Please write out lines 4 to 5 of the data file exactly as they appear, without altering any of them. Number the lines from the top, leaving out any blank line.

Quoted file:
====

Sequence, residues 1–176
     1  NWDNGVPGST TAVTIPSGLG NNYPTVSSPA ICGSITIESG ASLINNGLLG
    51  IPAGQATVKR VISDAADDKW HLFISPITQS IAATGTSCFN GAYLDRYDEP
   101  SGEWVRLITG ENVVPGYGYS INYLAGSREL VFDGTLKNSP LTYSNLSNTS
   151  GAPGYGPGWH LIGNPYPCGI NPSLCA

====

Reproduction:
   101  SGEWVRLITG ENVVPGYGYS INYLAGSREL VFDGTLKNSP LTYSNLSNTS
   151  GAPGYGPGWH LIGNPYPCGI NPSLCA